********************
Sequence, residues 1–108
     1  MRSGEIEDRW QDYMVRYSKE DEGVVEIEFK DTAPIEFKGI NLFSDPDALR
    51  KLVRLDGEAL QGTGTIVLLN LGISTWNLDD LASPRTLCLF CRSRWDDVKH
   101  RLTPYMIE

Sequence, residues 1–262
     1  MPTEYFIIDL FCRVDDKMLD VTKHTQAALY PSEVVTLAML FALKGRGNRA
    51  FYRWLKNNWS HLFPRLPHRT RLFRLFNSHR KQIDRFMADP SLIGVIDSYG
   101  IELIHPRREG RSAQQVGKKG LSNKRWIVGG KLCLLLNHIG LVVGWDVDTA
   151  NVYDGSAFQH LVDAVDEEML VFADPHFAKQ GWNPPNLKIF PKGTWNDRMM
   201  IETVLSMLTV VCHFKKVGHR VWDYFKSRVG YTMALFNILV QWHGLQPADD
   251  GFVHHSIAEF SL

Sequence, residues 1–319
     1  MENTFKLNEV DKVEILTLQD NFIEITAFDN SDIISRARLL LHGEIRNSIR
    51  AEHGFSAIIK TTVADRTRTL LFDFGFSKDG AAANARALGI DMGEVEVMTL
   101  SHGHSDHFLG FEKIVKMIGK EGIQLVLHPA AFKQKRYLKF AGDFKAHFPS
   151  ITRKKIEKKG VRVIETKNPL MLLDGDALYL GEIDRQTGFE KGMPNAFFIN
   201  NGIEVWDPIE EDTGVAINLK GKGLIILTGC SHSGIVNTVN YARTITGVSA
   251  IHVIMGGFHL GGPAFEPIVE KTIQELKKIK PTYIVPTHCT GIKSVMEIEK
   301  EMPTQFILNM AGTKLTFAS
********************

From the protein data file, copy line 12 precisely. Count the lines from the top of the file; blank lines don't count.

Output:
Sequence, residues 1–319